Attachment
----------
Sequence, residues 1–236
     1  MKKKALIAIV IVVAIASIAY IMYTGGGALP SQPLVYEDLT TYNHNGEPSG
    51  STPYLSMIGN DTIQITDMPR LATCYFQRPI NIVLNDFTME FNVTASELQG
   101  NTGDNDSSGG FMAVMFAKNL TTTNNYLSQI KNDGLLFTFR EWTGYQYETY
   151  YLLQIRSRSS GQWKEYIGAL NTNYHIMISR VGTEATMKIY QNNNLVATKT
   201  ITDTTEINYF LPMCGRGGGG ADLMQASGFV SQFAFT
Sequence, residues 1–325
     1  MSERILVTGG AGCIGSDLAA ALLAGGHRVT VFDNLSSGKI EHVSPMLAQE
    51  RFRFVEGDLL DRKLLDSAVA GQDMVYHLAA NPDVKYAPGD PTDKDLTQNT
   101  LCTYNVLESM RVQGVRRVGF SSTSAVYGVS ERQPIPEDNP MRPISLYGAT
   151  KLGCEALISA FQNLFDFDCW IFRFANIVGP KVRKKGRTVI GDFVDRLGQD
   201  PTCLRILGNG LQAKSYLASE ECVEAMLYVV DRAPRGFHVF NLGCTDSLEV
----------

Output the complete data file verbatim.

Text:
Sequence, residues 1–236
     1  MKKKALIAIV IVVAIASIAY IMYTGGGALP SQPLVYEDLT TYNHNGEPSG
    51  STPYLSMIGN DTIQITDMPR LATCYFQRPI NIVLNDFTME FNVTASELQG
   101  NTGDNDSSGG FMAVMFAKNL TTTNNYLSQI KNDGLLFTFR EWTGYQYETY
   151  YLLQIRSRSS GQWKEYIGAL NTNYHIMISR VGTEATMKIY QNNNLVATKT
   201  ITDTTEINYF LPMCGRGGGG ADLMQASGFV SQFAFT
Sequence, residues 1–325
     1  MSERILVTGG AGCIGSDLAA ALLAGGHRVT VFDNLSSGKI EHVSPMLAQE
    51  RFRFVEGDLL DRKLLDSAVA GQDMVYHLAA NPDVKYAPGD PTDKDLTQNT
   101  LCTYNVLESM RVQGVRRVGF SSTSAVYGVS ERQPIPEDNP MRPISLYGAT
   151  KLGCEALISA FQNLFDFDCW IFRFANIVGP KVRKKGRTVI GDFVDRLGQD
   201  PTCLRILGNG LQAKSYLASE ECVEAMLYVV DRAPRGFHVF NLGCTDSLEV